“I’m an adult lesbian woman. I’ve come out to my parents, and while they were initially unhappy, they’ve slowly come around. It’s not that I don’t appreciate how far they’ve come, but, several years on, they’re still not good allies and it hurts. They don’t know anything about gay issues, and they vote for politicians who actively oppose my rights. I told my dad yesterday I was going to Pride, and he had no idea what “Pride” even was. How can I encourage them to become more informed? Thanks!”

Question submitted Anonymously
Answered by Lana Halperin

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Lana Says:
Easy! Buy a copy of This Is A Book For Parents Of Gay Kids, leave it on your dad’s pillow and call it day.
…Well, if only it could be that easy. But it definitely fits into what I’m about to say.
From what I understand, your parents have made it through the unhappy stage (which is awesome), but you feel like they’re lingering in the tolerance phase, when you’d like them to get to the actual acceptance stage of being the well-informed “good allies” you’ve always dreamed of. You’d like them to get there ASAP, now, yesterday.
To paraphrase the wise words of Anna Kendrick as a therapist-in-training in the movie 50/50: “You can’t change who your parents are; the only thing you can change is how you choose to deal with them.” 
As their lens into the LGBTQIA world, there are definitely things you can do to encourage your folks to be more informed. Engage them in conversations, ask them questions, actively listen to their answers, and be honest and open in your responses. Give your parents every opportunity to become familiar with and understand your life and the issues that are important to you. For example, you probably can’t expect your dad to have Googled the history of Pride, but you can seize the opportunity to explain what Pride means to you and why you’re going. Hearing your perspective will be more convincing and relevant to him than anything he’ll read on Wikipedia.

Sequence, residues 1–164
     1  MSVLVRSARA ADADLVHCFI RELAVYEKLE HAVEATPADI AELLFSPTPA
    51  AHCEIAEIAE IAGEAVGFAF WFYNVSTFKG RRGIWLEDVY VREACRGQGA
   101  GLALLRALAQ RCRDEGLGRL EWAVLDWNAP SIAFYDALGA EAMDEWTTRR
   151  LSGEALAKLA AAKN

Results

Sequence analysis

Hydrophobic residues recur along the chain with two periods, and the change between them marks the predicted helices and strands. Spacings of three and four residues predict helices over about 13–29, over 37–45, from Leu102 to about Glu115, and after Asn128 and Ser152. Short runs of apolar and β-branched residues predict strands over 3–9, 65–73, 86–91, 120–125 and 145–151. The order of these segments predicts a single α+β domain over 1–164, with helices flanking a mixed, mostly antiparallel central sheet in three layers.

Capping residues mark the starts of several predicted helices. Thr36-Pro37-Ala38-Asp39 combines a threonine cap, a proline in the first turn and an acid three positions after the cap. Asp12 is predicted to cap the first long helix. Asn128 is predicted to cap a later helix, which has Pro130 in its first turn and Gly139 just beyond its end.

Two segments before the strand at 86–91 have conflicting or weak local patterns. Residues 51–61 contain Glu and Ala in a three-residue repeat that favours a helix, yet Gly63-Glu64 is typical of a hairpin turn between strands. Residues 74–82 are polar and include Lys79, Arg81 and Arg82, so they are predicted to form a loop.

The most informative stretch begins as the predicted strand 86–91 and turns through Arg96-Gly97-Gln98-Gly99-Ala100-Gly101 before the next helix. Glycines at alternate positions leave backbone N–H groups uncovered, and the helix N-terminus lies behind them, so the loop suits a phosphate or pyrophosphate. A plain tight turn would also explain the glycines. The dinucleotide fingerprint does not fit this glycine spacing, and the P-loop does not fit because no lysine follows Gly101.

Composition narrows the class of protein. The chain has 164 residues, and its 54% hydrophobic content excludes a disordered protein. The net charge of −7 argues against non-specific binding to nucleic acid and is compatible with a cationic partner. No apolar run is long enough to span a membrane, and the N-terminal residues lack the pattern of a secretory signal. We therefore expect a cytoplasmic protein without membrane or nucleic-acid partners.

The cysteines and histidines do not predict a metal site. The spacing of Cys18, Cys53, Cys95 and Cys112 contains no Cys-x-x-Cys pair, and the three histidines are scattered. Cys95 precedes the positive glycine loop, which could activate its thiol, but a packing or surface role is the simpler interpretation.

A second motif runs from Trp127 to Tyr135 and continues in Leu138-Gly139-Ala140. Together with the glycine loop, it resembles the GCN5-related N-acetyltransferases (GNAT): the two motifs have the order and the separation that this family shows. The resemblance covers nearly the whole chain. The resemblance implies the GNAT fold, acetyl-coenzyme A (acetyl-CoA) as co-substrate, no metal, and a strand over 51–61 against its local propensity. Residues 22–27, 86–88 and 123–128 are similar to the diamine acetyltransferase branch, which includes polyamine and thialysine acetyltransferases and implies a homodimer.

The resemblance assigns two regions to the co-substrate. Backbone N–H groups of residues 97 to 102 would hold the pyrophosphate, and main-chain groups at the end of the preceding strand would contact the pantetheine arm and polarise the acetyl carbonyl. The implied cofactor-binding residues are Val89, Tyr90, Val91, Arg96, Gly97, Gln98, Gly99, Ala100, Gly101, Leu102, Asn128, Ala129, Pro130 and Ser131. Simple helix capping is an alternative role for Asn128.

Even with your help, it might just take patience and time. Think about how long it takes someone to come to terms with their own sexuality. There’s no standard timeline: for some people, it’s nearly instant, while some struggle over many years or decades and others go their entire lives without ever coming to terms with it. Parents and loved ones go through a similar process. The process might be delayed by various factor— whether it’s their upbringing, religion or just a general unawareness of queer issues. Until you came out to them, they might have had no reason to deeply consider these issues, let alone reconcile all of that information in the context of having a gay child. They might just need some more time to catch up with all the progress you’ve made.
On the other hand, your parents may never completely catch up with you. They may never be “good allies” in the way you hope, or even expect them to be. These expectations may be above and beyond what they are capable of or willing to do and, if so, no amount of encouragement or effort on your part would change that. You might need to accept your parents’ limitations and come to terms with the possibility that they will only ever be allies in their own way and that trying to change that may only cause you frustration, disappointment, and pain and damage your relationship with them.
That doesn’t mean you should stop trying to bridge the gaps, though; it’s just about accepting that how they respond to your efforts is out of your control. You can’t single-handedly change your family without them being ready for it. If this is as close to allies as they are willing to be, just stay focused on those aspects of your life that are in your control and devote your energy to things that make you feel fulfilled and happy. Take care of yourself, surround yourself with friends and loved ones who make you feel supported, and be in the best possible head space to engage with your parents on these issues further when and if they’re ready.

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Lana Halperin is a 25 year old law graduate from Perth in Western Australia, currently living and working in Canberra (Australia’s largely forgotten, under-appreciated capital city). She recently helped establish a social network for LGBTQ young professionals in Canberra and will gladly talk for hours about musical theatre, reality television, ladies of comedy and/or her fondness for bicycles and trampolines.

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